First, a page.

Going after Kell Brook makes no sense, Amir Khan ought to retire following bizarre Crawford loss


GOOD PEOPLE can do very bad things and evil people are still capable of the kindest deeds.

Amir Khan is not a quitter, he has made a fantastic career out of being too brave. But on Saturday night he pulled himself out of a fight. He quit against WBO welterweight champ Terence Crawford.

Amir Khan quit against Terence Crawford after a round-six low blow from the American champ
Khan was knocked down in the first round, but worked his way back before deciding to accept the defeat

The round-six low blow, to the human eye at first glance, looked mean but a dozen replays show it thundered into his thigh more than his crotch, making his decision to opt out of the second half of the showdown more baffling.

The rules state he could have taken a full five minutes to try to recover, but instead he and coach Virgil Hunter told referee David Fields that they were ready to swallow the fight and accept defeat.

Despite being dropped in the first round, he was not getting pinged from pillar to post.

Judge Guido Cavalleri gave him the second and Steve Weisfeld scored the third in his favour, he had worked his way back into the contest.

The ending was bizarre, when Khan was asked if he and his expert trainer even discussed taking advantage of the lengthy allowance to recoup, he mumbled something about needing to see a TV replay.

But he marched out to face the media after the flop ending, even after BT Sport cameras found him in tears when they were allowed into his dressing room.


It is a decision that could haunt Khan and his legacy long after he has gone, much like two tiny words like “No Mas” will forever tarnish the legacy of the great Roberto Duran.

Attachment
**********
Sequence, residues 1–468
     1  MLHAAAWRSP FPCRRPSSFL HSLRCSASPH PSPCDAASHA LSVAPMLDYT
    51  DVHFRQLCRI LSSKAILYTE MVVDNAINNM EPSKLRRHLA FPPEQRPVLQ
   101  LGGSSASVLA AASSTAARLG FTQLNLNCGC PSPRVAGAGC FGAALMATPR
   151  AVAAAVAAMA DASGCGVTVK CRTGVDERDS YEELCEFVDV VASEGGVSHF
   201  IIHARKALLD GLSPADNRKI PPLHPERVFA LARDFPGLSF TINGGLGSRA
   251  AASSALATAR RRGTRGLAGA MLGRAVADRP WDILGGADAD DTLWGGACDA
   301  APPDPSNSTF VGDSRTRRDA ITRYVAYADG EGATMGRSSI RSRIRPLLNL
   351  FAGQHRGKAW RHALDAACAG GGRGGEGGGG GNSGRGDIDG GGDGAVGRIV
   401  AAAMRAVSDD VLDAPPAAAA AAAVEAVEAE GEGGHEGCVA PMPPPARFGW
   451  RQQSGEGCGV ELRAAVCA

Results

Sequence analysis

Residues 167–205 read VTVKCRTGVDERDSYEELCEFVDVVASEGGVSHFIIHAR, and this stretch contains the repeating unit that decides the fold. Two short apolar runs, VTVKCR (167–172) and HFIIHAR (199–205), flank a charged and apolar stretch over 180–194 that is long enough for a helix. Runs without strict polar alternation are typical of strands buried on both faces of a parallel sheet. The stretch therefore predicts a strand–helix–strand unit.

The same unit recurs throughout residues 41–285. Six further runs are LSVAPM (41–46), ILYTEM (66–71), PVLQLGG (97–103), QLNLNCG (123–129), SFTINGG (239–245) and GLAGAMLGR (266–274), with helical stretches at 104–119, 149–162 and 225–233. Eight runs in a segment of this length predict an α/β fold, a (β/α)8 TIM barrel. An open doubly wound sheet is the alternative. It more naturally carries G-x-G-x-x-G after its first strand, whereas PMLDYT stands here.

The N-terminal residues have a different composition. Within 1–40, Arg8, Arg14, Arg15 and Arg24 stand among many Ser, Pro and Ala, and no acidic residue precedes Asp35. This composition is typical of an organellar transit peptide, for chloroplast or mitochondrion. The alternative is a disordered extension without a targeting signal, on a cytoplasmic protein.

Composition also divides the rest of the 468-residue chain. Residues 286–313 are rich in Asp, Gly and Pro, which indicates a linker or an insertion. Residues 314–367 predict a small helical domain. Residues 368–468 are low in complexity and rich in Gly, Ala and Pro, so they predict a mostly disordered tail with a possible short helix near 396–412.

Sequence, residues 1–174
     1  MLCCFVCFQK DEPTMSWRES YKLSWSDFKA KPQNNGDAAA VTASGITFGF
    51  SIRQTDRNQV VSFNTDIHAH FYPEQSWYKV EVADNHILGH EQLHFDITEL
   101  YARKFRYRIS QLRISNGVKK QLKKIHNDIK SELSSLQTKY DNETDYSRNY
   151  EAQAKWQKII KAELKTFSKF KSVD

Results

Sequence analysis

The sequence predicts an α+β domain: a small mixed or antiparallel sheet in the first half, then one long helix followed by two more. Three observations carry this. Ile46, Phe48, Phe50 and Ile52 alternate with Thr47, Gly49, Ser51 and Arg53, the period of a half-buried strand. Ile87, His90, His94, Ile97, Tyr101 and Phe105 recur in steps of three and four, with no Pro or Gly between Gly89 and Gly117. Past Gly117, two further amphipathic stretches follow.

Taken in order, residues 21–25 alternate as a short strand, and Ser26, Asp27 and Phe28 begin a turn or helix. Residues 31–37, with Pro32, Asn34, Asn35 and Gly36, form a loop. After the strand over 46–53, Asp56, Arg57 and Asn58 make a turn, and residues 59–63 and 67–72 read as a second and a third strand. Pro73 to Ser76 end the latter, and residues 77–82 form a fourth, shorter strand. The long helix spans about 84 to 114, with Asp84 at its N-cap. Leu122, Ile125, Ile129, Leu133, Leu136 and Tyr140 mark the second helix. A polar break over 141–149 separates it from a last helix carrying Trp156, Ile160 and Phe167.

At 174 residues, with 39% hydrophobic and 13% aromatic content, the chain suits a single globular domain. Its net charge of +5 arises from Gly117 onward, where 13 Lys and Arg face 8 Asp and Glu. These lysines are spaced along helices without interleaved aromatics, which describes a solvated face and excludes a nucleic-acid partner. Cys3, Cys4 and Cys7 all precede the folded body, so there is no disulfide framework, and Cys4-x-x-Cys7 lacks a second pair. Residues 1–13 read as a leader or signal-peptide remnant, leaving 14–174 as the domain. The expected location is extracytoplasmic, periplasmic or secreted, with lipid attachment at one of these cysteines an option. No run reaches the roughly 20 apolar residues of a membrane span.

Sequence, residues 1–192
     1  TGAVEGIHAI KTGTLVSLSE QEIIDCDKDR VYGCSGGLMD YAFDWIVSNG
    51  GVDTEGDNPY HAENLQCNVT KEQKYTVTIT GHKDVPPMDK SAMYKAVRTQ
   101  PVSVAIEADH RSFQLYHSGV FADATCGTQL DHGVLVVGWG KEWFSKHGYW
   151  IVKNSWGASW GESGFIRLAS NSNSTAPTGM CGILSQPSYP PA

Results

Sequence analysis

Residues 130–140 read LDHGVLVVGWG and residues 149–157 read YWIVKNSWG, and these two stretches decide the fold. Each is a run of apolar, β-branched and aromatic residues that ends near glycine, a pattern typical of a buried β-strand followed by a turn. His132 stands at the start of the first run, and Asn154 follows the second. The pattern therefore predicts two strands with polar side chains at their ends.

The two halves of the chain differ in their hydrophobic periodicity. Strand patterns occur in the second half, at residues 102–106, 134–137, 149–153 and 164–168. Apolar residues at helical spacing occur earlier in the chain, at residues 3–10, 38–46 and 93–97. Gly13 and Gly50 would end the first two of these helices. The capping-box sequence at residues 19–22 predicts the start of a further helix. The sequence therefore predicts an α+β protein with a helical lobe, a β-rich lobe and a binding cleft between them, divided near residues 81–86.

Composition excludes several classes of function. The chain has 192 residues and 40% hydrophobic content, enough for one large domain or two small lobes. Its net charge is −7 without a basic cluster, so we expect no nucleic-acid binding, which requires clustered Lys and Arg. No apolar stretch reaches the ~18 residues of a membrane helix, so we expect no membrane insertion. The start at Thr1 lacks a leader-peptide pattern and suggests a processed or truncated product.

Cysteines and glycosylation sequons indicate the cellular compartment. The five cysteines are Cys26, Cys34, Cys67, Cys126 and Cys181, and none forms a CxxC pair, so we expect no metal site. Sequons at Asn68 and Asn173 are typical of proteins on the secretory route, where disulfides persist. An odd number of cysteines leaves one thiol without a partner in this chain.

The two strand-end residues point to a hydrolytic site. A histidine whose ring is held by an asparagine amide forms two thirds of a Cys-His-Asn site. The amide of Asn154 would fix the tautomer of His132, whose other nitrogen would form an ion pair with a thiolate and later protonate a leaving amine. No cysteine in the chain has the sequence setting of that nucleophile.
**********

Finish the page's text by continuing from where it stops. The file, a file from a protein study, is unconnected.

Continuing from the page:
Khan insisted to the British press, who found it tough to write about him choking for the first time in 32 years, that he would be back, that he remains a big draw.

But the American market will no longer see a swashbuckling ex-Olympian who is the ideal opponent for one of their homegrown heroes. Mud sticks and boos echo.

The only fight that remains for Khan is the domestic grudge match with Kell Brook and the Sheffield rival will beat him with this ugly stick if they ever agree on a clash.

Brook has underperformed in recent tune-up fights, as Khan had before this New York trip, and real boxing fans should be happy to see this one pass them by, after both put plenty on the line already.

Khan, whose unofficial catchphrase has always been: “Come back stronger”, should consider hanging up his once rapid gloves.

But he said: “I would never quit, I would rather be knocked out. I have been knocked out. I must have been in pain, I need to watch it back.

“I would not have come to the press conference if I had quit, I wanted to come here to explain. I am not a quitter.

“I wanted to fight the best and win as many titles as possible. I am 32 so I think I have more in me, I love the sport like I always have.”

The sport should truly love Amir too and sometimes letting go of a loved one is best thing to do.

The only fight that remains for Khan is the pointless domestic grudge match with Kell Brook
PA:Press Association



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